Swaziland’s 35 000 civil servants may not be paid this month

2011-11-09 14:33

Mbabane – Cash-strapped Swaziland will struggle to pay civil servants’ salaries this month, Finance Minister Majozi Sithole told AFP today, as the tiny kingdom slips deeper into crisis.

“We will do our best to pay at the end of November, but it is difficult. We have serious fiscal challenges right now,” Sithole said.

Swaziland fell into crisis after losing 60% of its revenue from a regional customs union last year, and has so far refused to take steps to rein in its spending.

The government wants to cut salaries for civil servants, who have taken to the streets in response, stoking anger at the lavish lifestyle of King Mswati III, Africa’s last absolute monarch.

The government had been paying civil servants by tapping its foreign reserves, which have fallen so low that the International Monetary Fund (IMF) warned of risks to the local emalangeni currency, which is pegged to South Africa’s rand.

Now Swaziland is paying its bills only through tax collection, which Sithole said would not generate enough money to pay the salaries for the kingdom’s 35 000 civil servants.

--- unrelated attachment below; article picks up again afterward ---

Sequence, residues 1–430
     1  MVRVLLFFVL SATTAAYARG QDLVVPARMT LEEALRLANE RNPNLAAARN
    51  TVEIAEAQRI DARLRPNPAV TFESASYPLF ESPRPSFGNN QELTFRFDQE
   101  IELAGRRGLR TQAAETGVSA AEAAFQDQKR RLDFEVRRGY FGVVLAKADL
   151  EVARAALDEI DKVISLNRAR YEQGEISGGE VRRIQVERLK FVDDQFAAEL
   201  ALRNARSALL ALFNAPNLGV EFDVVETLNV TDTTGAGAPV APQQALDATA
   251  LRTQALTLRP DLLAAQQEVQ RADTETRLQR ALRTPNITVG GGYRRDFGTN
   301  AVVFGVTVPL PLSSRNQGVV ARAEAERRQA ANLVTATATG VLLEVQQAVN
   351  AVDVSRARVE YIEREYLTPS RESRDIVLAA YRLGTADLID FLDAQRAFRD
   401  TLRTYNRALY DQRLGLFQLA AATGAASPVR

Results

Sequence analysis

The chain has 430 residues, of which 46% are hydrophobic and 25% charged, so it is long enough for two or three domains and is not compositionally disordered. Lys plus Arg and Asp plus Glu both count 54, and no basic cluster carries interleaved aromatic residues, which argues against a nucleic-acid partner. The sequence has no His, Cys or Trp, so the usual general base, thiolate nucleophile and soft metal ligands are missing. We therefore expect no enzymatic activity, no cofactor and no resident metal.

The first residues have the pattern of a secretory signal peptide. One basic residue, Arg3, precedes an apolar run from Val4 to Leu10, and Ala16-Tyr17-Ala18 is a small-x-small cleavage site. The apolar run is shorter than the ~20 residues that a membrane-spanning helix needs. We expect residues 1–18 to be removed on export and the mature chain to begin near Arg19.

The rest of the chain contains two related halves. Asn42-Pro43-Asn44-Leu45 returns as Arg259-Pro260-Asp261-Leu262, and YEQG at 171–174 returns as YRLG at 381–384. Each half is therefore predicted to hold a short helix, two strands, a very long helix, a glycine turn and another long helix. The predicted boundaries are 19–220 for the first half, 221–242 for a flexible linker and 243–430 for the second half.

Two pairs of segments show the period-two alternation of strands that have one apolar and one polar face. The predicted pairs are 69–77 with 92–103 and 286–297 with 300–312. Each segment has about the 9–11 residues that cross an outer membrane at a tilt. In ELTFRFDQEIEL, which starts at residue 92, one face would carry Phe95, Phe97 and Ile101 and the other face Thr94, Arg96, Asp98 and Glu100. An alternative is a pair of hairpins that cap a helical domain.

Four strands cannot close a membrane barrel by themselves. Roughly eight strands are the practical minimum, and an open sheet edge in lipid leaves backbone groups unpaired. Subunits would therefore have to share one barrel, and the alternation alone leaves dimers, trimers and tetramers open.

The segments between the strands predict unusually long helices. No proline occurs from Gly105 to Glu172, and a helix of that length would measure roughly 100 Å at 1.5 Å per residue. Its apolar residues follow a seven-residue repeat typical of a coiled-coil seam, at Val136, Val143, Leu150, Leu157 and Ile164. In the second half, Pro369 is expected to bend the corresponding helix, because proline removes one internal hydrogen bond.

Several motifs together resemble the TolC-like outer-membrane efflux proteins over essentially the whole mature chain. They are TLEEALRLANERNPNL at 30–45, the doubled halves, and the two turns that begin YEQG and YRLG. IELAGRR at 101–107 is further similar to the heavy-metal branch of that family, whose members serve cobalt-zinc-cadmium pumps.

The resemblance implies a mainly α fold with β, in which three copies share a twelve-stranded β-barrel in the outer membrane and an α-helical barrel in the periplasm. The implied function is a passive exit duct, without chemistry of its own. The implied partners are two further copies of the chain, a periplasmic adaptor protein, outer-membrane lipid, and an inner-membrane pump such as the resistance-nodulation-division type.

“The revenue we are able to collect is not sufficient to cover our expenses,” said Sithole.

Unions say they will continue to oppose salary cuts, lashing out at the IMF for not taking them seriously.

“We say put pressure on government to stop projects that are wasting money. They say the only way out is to cut salaries and we don’t agree. They are taking the easy route,” said Vincent Dlamini, secretary-general of public servants’ union.

Faced with union-led street demonstrations, Mswati said in August that he was against salary cuts, leaving his government with few options.

“There is no way around reducing the wage bill,” Sithole insisted. Swaziland’s failure to make economic reforms has left it unable to win international loans.

South Africa has offered a R2.4 billion bailout, but Swaziland has yet to sign on to the deal, which requires political and economic reforms.

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